The reason chlorine is more reactive than iodine is because chlorine is a smaller atom, so the electrons in the outer shell are held in closer to the nucleus. As you go down the group, the outer electron shell will get further away and will be held less securely.

Uses of fluorine, chlorine, bromine and iodine

Florine - used for toothpaste and in drinking water
Chlorine - kills bacteria in drinking water, an ingredient in PVC plastic and is in bleach
Bromine - used in medicines, fire retardants and disinfectants
Iodine - used in medicines, disinfectants and is also used as a photographic chemical

Sunday, 7 February 2016

Group 1 - The Alkali Metals

What are the elements?

The elements in Group I are:

  • Lithium
  • Sodium
  • Potassium
  • Rubidium
  • Caesium 
  • Francium (radioactive)
For IGCSE you need to be aware of all of these metals, but you only need to know the details about the first three.

All of these metals have to be kept under oil, because they're very reactive, so they can't come into contact with air or water.

Properties of lithium, sodium and potassium:

  • Soft metals
  • Good conductors of electricity
  • Low densities
  • Low melting points
  • When freshly cut by a knife, they have a shiny surface
  • Burn in air, forming white oxides, the white oxides form alkaline solutions of the metal hydroxide when dissolved in water
  • React vigorously with water, making an alkaline solution of the metal hydroxide and hydrogen gas
  • React vigorously with halogens (e.g. chlorine) forming metal halides (e.g. sodium chloride)
  • Potassium reacts the most with water, then sodium and lithium reacts the least with water
Gradual changes (like the one above) are called trends, trends allow chemists to predict things about elements that they have not yet observed.

The further down the group you go, the more reactive the metals are, so obviously francium is the most reactive. For more information on this look at the post on The Periodic Table 

When the Group I elements react, they loose an electron, becoming more stable because their electron configuration is now the same as that of a noble gas. 

The Periodic Table and Electronic Structure


The Periodic Table was invented in 1969 by the Russian scientist Dmitri Mendeleev (at that time, Professor of Chemistry at St. Petersburg University).

He arranged the 63 elements (all that were known at that time) by increasing atomic mass, leaving gaps where he predicted that elements, that were undiscovered at that time, would fit into the table.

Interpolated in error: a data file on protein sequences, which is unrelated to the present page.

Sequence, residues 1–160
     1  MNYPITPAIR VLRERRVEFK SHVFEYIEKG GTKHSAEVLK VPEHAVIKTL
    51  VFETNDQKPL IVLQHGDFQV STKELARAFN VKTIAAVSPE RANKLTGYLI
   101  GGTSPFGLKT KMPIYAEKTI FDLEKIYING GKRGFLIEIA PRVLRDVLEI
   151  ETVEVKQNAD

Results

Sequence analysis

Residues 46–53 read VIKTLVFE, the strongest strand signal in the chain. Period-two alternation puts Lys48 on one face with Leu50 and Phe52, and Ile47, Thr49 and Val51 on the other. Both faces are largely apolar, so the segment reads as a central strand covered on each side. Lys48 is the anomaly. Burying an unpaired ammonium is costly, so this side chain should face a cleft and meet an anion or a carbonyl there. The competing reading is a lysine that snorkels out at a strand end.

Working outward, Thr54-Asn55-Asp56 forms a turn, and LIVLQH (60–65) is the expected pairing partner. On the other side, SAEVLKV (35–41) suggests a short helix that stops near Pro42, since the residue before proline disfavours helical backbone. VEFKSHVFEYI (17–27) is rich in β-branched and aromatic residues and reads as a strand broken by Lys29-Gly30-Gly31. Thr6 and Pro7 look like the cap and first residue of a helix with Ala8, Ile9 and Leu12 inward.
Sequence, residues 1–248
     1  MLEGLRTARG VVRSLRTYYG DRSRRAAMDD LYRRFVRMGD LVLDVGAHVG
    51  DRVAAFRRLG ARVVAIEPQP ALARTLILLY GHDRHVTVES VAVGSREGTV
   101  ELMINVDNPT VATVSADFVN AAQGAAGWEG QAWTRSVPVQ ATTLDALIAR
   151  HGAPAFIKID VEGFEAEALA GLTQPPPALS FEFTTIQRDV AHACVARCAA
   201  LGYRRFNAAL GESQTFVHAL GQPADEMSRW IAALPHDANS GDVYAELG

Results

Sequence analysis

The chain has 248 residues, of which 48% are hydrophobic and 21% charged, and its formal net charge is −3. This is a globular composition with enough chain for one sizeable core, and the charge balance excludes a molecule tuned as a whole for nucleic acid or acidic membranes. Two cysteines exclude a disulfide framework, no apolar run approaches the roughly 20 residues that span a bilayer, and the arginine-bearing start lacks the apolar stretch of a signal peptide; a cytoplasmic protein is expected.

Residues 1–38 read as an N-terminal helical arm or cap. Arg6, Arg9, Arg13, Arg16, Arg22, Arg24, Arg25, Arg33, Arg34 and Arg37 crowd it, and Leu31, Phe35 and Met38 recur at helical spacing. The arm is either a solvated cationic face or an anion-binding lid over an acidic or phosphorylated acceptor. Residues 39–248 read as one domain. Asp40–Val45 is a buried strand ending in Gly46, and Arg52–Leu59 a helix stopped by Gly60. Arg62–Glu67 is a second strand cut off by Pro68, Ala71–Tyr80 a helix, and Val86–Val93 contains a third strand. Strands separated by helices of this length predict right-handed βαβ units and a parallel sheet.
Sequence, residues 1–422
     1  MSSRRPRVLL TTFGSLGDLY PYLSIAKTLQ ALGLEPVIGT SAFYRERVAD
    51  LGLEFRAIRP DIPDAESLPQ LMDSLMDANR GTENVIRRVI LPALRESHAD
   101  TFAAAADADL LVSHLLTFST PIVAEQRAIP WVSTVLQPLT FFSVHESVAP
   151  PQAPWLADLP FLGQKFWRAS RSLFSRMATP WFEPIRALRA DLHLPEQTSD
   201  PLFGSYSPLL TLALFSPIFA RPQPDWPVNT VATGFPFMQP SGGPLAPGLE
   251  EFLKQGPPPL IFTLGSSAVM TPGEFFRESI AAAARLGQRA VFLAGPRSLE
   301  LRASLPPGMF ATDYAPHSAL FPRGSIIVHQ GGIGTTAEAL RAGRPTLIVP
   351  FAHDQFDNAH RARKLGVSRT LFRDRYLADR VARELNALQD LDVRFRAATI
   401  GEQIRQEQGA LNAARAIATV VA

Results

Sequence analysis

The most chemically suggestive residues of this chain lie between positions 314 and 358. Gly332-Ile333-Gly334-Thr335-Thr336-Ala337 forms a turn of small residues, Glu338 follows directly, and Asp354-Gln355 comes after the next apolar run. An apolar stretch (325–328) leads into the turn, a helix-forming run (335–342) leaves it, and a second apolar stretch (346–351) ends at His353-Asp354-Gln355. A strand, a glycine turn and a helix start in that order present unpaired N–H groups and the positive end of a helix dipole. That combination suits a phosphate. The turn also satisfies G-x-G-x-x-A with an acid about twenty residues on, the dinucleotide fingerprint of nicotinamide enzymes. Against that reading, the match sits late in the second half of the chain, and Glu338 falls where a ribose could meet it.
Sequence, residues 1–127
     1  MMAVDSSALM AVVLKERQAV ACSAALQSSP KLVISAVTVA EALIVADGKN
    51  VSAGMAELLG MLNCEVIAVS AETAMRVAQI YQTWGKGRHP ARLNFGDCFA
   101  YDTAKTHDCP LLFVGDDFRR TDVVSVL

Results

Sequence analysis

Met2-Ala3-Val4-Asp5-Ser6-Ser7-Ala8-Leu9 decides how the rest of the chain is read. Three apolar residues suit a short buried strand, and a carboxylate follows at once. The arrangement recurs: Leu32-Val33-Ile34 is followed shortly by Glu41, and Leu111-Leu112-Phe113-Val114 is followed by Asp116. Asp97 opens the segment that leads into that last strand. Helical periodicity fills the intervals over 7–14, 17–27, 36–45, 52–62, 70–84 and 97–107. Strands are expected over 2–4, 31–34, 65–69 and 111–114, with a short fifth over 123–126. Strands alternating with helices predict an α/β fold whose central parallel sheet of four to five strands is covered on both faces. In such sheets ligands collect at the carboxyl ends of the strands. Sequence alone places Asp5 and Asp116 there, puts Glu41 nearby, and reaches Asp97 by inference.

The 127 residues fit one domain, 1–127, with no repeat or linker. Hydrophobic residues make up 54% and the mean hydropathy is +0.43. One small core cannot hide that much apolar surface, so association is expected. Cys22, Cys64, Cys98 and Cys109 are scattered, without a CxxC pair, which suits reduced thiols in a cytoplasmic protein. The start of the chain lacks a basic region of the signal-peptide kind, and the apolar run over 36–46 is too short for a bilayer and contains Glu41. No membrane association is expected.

Mendeleev arranged is so that elements that have similar properties are in the same groups.

This is the Periodic Table supplied by
So this is probably the most reliable one you can find!

Key Terms

Groups = the vertical columns in the Periodic Table

Periods = the horizontal rows in the Periodic Table

Modern Periodic Table

There are currently 118 known elements!

Elements are arranged by proton number in the modern Periodic Table and elements with similar priorities are still in the same groups.


There are eight groups of elements:

  • Group I
  • Group II
  • Group III
  • Group VI
  • Group V
  • Group VI
  • Group VII
  • Group 0 (sometimes known as Group VIII)
Group I is known as the alkali metals, Group II as the alkaline earth metals, Group VII as the halogens and Group 0 as the inert gases or noble gases.

The big block of elements between Groups II and III are the transition metals.


The periods are numbered 1-7, going down the periodic table.

Across each period the properties of the elements change:

Courtesy of Bryan Earl and Doug Wilford's
Cambridge IGCSE Chemistry Third Edition

Metals and non-metals:

The bold line that starts beneath boron divides the Periodic Table into two parts.
The elements on the left of the line are metals and the elements on the right are non-metals.
Metalloids is the name given to the elements that are on this dividing line, they are metals that have properties of both metals and non-metals.

Electronic Structure and The Periodic Table

The group that an element is in determines how many electrons it has in it's outer shell.

N.B. This does not apply to the elements in Group 0, they have either 2 or 8 electrons

So the elements in Group I have 1 electron in their outer energy level and the elements in Group II have 2 electrons in their outer energy level, and so on and so on.

As you move down a group, the metallic characteristics of the elements increases, this happens because the outer energy shell becomes further away from the nucleus, as do the electrons in it. So there's less attraction between the outer energy shell's electrons and the nucleus, due to distance, so the electrons in the outer shell are easier to loose.
This doesn't happen in Group VII, in this group the reactivity DECREASES as you go down the group.